Tip: No wireless router? Use your Mac

These days, wireless routers are quite common, and most retail options out there have some wireless capability; however, there still may be times when you are without a router and need to set up a wireless network for multiple computers, iPhones and iPads, or other devices that support Wi-Fi connectivity.

These days, wireless routers are quite common, and most retail options out there have some wireless capability; however, there still may be times when you are without a router and need to set up a wireless network for multiple computers, iPhones and iPads, or other devices that support Wi-Fi connectivity.

To do this, all you need is a Mac with an AirPort card in it. Connect it to an available network with the Ethernet connection, and then set up a shared wireless connection with the following procedure:

Internet Sharing Preferences
The Internet Sharing options are only editable when Internet Sharing is disabled (click for larger view).
  1. Go to the "Network" system preferences.

  2. Select the "AirPort" connection (add it to the list if it is not there), and ensure it is set to "On."

  3. Go to the "Sharing" system preferences.

  4. Select "Internet Sharing" but do not turn it on yet.

  5. From the drop-down menu select "Built-In Ethernet" (or whatever port is the source of the network to the computer).

  6. Check "AirPort" and other ports you may use (Bluetooth, FireWire, etc.).

  7. Click "AirPort Options..." to set a network name, and WEP password (use 128-bit over 40-bit encryption if you can), and then click "OK."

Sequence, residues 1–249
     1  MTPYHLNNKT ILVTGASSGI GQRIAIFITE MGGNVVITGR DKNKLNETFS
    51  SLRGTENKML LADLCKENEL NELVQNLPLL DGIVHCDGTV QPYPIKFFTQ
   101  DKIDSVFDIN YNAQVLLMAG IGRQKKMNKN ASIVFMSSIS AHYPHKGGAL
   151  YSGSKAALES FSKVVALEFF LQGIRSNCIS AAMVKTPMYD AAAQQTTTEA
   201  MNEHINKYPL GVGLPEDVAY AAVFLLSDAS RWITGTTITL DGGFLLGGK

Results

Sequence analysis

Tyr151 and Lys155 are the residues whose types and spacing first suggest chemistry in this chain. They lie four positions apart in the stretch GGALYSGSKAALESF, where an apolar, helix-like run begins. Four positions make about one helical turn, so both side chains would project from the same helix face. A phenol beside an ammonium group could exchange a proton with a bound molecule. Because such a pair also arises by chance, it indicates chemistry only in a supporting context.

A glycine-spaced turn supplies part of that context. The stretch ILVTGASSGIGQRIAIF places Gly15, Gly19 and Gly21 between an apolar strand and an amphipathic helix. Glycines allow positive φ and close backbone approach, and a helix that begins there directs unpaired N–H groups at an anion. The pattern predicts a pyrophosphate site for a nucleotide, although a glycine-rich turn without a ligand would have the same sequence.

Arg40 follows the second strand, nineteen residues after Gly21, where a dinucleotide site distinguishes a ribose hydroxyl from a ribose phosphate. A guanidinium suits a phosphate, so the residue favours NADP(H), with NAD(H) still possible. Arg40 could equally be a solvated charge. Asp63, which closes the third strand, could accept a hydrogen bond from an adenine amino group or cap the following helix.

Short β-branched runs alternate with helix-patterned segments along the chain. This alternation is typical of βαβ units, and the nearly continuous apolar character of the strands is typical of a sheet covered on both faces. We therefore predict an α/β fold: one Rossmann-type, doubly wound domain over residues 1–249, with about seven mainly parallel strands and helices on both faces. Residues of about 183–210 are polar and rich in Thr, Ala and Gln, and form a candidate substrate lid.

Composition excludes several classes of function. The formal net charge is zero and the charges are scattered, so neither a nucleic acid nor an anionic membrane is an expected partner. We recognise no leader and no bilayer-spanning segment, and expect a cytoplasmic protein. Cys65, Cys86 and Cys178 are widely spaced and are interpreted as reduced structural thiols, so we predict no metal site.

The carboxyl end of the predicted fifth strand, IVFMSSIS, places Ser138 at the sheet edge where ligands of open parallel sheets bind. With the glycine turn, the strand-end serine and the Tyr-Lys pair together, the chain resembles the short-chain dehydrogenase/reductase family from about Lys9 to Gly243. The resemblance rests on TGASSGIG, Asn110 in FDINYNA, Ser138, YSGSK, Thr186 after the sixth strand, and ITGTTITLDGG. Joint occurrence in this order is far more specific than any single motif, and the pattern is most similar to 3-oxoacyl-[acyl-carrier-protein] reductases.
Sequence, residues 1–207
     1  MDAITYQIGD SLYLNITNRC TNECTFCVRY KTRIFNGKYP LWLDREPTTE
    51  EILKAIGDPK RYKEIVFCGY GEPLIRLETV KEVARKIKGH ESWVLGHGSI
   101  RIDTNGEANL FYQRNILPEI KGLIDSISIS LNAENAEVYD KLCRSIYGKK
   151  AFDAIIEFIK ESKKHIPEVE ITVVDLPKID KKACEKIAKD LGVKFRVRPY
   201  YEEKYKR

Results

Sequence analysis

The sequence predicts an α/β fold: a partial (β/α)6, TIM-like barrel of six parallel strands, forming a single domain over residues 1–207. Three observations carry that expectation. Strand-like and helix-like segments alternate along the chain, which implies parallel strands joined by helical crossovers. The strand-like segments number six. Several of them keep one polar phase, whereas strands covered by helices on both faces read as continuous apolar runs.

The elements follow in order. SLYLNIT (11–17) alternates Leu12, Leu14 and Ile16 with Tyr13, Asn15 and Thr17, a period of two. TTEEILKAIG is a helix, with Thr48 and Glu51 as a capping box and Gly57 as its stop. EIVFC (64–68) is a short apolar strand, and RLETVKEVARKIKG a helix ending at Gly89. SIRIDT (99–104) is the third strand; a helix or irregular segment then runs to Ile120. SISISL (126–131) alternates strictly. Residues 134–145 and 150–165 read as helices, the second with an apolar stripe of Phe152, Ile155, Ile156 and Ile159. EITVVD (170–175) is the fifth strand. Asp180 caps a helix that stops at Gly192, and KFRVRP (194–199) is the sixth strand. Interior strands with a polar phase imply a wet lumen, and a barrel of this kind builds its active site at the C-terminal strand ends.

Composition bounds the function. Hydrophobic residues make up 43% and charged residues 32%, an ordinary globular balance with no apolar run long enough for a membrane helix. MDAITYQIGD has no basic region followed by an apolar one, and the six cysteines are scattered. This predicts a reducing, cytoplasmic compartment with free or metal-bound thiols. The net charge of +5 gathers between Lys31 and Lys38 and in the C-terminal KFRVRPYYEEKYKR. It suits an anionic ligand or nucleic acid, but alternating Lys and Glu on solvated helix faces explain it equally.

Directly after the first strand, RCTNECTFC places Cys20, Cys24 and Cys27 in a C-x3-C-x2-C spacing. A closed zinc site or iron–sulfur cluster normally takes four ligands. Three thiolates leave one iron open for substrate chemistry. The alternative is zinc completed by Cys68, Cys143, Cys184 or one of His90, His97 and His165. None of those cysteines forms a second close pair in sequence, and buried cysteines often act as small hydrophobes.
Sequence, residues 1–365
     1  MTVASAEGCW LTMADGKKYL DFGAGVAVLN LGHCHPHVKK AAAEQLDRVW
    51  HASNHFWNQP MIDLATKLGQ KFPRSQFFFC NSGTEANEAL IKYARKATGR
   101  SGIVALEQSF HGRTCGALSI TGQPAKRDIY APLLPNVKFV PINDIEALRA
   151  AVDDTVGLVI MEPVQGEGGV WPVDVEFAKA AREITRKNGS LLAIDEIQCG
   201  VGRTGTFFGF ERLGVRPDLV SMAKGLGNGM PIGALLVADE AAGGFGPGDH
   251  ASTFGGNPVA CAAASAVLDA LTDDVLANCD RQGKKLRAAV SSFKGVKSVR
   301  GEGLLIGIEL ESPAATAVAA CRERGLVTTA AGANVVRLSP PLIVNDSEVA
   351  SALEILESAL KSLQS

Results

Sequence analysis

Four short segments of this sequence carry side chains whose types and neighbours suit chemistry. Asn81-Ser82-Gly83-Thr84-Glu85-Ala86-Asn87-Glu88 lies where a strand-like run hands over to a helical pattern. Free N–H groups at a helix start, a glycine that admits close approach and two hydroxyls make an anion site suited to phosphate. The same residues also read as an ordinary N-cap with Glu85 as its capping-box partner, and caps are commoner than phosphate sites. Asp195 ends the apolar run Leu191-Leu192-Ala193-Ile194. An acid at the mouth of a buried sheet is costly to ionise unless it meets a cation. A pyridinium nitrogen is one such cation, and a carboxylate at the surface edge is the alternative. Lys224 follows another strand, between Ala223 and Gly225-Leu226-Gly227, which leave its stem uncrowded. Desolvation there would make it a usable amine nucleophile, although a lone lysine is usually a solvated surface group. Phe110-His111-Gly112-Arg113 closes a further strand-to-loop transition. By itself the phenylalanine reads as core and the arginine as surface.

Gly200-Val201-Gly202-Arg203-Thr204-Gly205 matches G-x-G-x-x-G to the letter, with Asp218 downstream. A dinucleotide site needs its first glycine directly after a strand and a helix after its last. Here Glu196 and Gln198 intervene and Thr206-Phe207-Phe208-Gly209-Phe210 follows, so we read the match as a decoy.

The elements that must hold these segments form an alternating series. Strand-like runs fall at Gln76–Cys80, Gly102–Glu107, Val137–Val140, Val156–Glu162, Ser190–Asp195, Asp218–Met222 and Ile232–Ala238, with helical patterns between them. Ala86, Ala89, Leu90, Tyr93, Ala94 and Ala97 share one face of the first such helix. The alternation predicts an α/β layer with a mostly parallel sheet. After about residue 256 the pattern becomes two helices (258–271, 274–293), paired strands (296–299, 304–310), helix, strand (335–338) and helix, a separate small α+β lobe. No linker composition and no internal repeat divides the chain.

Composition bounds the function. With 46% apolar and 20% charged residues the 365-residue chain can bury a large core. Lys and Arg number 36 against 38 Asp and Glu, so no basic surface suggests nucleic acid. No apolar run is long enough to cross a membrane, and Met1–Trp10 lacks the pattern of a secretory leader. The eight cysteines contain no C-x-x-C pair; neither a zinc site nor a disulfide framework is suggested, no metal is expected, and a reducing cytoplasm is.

8. With the AirPort options now set, check the "Internet Sharing" box and confirm by clicking the "Start" button in the warning window.

Now you have an active wireless network; however, though it should work just fine, there are some drawbacks to using this feature.

  • Shorter range:

    Keep in mind the signal will not be as powerful as most standalone routers. Nevertheless, it should have a decent enough range to be discoverable within a few rooms of the host computer.

  • Limited security:

    Another drawback to this is it only has WEP as the password security options, which is not as secure as WPA or WPA2; however, it will be good enough to get you running until a more secure option can be set up.

  • Requires computer to be on:

    Unlike routers that can use relatively minimal power, this setup will require the computer to be on at all times for the wireless network to function.



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About the author

    Topher, an avid Mac user for the past 15 years, has been a contributing author to MacFixIt since the spring of 2008. One of his passions is troubleshooting Mac problems and making the best use of Macs and Apple hardware at home and in the workplace.

     

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